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Last Updated: Wednesday, 23 May 2007, 09:59 GMT 10:59 UK
Scorsese to rescue lost film gems
Martin Scorsese
Martin Scorsese won an Oscar this year for his film The Departed
Oscar-winning film director Martin Scorsese is spearheading a new body aimed at salvaging neglected films.

Scorsese - who has made Raging Bull, Taxi Driver and The Departed - launched the World Cinema Foundation (WCF) at the Cannes Film Festival.

He was joined by a dozen top directors, including Stephen Frears, who will highlight homegrown films from their own countries worth rescuing.

But Scorsese said the WCF would focus on films from developing countries.

Scorsese told reporters he feared seminal foreign films could deteriorate or disappear entirely.

Foreign films on television... introduced so many different cultures to me and I found I was fed by those cultures
Martin Scorsese
"Coming from a working-class background in New York, my parents were not educated and weren't in the habit of reading books," the 66-year-old director said.

"So I saw a great deal of film on television in particular.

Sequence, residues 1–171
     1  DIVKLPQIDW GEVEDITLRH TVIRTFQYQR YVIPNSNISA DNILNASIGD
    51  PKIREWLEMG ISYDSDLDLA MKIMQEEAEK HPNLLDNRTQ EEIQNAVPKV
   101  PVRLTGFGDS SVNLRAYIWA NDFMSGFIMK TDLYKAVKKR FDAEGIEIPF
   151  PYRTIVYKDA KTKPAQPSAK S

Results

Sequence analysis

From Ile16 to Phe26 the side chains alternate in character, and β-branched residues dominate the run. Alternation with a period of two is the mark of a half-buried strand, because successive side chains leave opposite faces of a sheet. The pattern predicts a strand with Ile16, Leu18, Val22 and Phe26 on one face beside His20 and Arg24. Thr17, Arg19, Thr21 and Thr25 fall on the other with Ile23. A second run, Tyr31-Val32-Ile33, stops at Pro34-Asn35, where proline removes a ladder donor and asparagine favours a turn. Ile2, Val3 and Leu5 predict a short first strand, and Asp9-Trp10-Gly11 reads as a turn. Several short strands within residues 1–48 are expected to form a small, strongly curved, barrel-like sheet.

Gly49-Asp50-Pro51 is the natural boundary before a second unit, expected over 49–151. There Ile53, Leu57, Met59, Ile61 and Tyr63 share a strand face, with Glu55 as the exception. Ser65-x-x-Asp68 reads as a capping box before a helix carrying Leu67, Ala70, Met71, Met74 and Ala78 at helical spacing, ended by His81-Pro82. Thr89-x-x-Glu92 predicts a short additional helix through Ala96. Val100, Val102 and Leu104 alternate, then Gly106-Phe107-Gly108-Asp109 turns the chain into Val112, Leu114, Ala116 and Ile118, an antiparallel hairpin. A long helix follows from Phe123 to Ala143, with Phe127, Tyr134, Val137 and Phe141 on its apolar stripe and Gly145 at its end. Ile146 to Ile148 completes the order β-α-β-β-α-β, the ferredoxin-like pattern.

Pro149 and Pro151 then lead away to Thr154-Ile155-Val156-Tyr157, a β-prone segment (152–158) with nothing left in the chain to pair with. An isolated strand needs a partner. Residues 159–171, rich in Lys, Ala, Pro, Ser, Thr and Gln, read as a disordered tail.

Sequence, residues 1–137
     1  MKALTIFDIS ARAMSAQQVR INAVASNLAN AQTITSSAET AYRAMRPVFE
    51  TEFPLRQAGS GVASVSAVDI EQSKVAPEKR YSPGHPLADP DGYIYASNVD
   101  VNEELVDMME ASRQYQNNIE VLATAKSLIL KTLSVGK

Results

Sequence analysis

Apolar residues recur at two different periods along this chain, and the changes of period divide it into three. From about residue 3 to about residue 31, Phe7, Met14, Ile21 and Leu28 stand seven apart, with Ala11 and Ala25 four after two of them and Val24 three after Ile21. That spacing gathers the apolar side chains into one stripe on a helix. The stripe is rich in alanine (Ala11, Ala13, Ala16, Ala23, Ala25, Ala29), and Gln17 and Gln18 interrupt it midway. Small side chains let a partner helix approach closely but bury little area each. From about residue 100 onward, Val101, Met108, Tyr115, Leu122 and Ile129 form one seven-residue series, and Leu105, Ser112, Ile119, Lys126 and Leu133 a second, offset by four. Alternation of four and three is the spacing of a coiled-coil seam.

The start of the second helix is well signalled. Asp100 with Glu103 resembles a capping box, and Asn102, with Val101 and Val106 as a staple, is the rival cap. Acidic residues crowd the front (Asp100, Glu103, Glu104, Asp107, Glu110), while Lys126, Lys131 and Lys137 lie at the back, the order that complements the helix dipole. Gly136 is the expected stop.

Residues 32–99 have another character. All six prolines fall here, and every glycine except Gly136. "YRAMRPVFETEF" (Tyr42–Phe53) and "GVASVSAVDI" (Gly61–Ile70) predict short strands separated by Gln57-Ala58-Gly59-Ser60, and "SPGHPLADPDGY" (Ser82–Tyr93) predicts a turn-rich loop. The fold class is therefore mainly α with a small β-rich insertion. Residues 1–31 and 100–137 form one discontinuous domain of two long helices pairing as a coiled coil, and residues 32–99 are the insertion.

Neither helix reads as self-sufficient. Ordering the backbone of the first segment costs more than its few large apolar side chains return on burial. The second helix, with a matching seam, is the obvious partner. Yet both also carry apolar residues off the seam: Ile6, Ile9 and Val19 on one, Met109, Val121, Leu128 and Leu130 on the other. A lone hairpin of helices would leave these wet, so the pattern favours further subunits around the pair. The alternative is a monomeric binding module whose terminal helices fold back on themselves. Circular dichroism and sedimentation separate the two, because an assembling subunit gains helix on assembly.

"This opened up a whole world to me, foreign films on television, and introduced so many different cultures to me.

"I found I was fed by those cultures, and I think the same thing has happened all around the world."

The Queen director Frears, who is chairing the Cannes award jury this year, added his voice to the call for the restoration of older films.

He said the British Film Institute (BFI) need more money to help maintain its archive.

"[It] is under-funded. It needs money. It's as simple as that. It's our lives, our culture. The government does not prioritise this highly enough."

'Important relics'

Cult Chinese director Wong Kar-wai - behind My Blueberry Nights, which opened Cannes this year - will also sit on the WFC board.

He said he had made a pet project out of hundreds of Chinese films he unearthed in a San Francisco warehouse two years ago and planned to bring them back to Hong Kong to restore as many as possible.

"They're just like orphans because they don't know who owned these copies," he said.

He called them invaluable relics of the waves of Chinese workers who left home for the US.

"Just imagine: before the Second World War, all these Chinese men, the immigrants working in the United States - they are not able to bring their wives, their families, they are lonely men in Chinatown and this is their only entertainment.

"And I think all these films have performed something very important, to link all the Chinese around the world because they have something to share."

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